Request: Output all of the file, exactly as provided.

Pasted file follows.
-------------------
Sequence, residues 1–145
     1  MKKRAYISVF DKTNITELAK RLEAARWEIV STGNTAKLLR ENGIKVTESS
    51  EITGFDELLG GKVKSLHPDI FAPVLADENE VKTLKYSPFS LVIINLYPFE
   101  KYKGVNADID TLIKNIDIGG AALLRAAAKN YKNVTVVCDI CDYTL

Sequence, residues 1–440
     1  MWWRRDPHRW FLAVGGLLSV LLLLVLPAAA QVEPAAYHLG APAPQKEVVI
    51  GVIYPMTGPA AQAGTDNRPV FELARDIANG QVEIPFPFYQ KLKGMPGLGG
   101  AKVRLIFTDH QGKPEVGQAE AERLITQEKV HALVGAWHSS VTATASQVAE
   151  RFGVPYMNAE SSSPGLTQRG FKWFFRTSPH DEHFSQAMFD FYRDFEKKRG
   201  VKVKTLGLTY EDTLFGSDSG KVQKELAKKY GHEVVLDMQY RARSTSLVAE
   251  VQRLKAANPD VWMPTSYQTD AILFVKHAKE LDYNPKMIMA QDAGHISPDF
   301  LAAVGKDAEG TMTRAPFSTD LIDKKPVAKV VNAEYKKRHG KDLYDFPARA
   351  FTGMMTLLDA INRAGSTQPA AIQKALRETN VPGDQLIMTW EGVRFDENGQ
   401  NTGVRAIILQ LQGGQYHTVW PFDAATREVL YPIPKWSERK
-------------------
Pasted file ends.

Sequence, residues 1–145
     1  MKKRAYISVF DKTNITELAK RLEAARWEIV STGNTAKLLR ENGIKVTESS
    51  EITGFDELLG GKVKSLHPDI FAPVLADENE VKTLKYSPFS LVIINLYPFE
   101  KYKGVNADID TLIKNIDIGG AALLRAAAKN YKNVTVVCDI CDYTL

Sequence, residues 1–440
     1  MWWRRDPHRW FLAVGGLLSV LLLLVLPAAA QVEPAAYHLG APAPQKEVVI
    51  GVIYPMTGPA AQAGTDNRPV FELARDIANG QVEIPFPFYQ KLKGMPGLGG
   101  AKVRLIFTDH QGKPEVGQAE AERLITQEKV HALVGAWHSS VTATASQVAE
   151  RFGVPYMNAE SSSPGLTQRG FKWFFRTSPH DEHFSQAMFD FYRDFEKKRG
   201  VKVKTLGLTY EDTLFGSDSG KVQKELAKKY GHEVVLDMQY RARSTSLVAE
   251  VQRLKAANPD VWMPTSYQTD AILFVKHAKE LDYNPKMIMA QDAGHISPDF
   301  LAAVGKDAEG TMTRAPFSTD LIDKKPVAKV VNAEYKKRHG KDLYDFPARA
   351  FTGMMTLLDA INRAGSTQPA AIQKALRETN VPGDQLIMTW EGVRFDENGQ
   401  NTGVRAIILQ LQGGQYHTVW PFDAATREVL YPIPKWSERK